Amara C., a thirteen-year-old separated child in Massakundou who lives with her grandmother, said she did not bother to go to the camp committee when she was raped because, "my caretaker said we don't have any money to deal with that sort of thing." 127 A group of five girls interviewed by Human Rights Watch, all rape victims, concurred, "If you don't have money, your case won't go anywhere."128

There is nothing akin to a police force in the refugee camps in Guinea. The local Guinean gendarmes in nearby villages are responsible for dealing with sexual violence against refugees committed in or around refugee camps as crimes committed within their jurisdiction. However, they do not maintain a permanent presence in the refugee camps and reportedly have not been involved in handling cases of sexual violence. Language and cultural differences constitute a further obstacle to Sierra Leonean victims seeking a remedy within the Guinean justice system. Field research by Human Rights Watch did not uncover any cases in which rape of a refugee in Guinea had been prosecuted in the Guinean justice system.129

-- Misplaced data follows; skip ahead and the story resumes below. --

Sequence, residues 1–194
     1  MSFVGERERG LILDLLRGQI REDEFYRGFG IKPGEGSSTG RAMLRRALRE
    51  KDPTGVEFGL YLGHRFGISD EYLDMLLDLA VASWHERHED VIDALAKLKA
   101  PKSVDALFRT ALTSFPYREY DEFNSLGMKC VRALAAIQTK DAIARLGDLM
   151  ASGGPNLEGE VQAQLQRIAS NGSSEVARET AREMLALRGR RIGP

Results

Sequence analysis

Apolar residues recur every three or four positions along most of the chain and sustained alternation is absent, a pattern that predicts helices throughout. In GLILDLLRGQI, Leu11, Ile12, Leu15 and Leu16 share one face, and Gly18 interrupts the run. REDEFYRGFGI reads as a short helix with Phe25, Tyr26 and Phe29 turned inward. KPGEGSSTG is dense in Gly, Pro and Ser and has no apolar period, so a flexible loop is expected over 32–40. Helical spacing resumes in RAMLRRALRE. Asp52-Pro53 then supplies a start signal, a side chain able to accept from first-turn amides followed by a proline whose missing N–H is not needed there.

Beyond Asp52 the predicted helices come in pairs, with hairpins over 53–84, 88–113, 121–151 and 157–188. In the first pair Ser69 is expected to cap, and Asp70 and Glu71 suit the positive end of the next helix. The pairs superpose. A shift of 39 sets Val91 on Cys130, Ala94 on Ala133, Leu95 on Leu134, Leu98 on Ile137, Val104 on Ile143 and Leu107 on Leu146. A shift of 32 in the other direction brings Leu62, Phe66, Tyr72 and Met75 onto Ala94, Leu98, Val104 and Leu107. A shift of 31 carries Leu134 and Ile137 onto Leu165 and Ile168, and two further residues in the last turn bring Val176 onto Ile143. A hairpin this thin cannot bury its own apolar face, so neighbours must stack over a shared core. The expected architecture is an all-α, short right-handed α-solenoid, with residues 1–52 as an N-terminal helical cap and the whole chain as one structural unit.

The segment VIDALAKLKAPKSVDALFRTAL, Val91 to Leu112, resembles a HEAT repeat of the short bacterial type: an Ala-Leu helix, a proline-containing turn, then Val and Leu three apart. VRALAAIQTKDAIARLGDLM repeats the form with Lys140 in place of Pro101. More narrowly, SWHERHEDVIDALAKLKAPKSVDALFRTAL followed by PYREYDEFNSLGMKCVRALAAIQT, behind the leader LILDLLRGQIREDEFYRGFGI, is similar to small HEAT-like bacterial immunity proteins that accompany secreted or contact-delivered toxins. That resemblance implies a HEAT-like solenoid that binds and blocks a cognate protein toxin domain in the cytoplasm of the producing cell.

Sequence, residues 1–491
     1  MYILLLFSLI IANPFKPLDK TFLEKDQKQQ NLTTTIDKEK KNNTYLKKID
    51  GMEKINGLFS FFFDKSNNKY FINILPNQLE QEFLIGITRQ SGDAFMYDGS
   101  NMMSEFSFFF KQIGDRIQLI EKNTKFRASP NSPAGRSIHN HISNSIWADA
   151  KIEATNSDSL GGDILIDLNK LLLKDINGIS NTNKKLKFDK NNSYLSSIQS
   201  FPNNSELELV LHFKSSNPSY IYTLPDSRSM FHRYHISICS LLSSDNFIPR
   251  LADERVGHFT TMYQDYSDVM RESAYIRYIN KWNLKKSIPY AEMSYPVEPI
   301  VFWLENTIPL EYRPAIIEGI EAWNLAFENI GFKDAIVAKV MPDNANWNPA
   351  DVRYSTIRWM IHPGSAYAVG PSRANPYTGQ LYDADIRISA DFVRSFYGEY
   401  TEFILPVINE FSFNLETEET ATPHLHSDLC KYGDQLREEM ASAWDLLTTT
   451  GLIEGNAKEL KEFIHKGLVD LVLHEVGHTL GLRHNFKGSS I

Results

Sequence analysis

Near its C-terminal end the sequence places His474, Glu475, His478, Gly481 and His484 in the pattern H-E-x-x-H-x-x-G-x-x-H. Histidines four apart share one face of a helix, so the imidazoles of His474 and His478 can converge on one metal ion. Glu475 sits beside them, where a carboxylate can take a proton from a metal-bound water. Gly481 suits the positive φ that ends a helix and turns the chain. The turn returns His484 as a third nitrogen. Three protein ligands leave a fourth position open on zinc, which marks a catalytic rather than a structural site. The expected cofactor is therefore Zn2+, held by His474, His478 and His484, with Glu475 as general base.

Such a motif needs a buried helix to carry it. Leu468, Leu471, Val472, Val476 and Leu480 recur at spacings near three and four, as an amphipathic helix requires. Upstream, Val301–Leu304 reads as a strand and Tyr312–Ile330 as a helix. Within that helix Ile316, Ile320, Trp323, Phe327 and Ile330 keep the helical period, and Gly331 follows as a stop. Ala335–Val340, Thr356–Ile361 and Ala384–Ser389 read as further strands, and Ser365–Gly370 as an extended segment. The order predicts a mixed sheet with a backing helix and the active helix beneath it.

Child Prostitution

It is important to recognize that, among Sierra Leoneans, it can be an accepted practice for "wealthy" men to have sexual relationships with women, with an expectation that the woman will receive a "gift" in exchange. One UNHCR staff member hypothesized that sexual economic coercion of girls was only an extension of this "traditional practice." "It is not necessarily because they are refugees or need to survive," he postulated, "maybe it's for more money, or for pleasure. Maybe they have enough money, but want a nice pair of shoes. Maybe there are reasons like this."132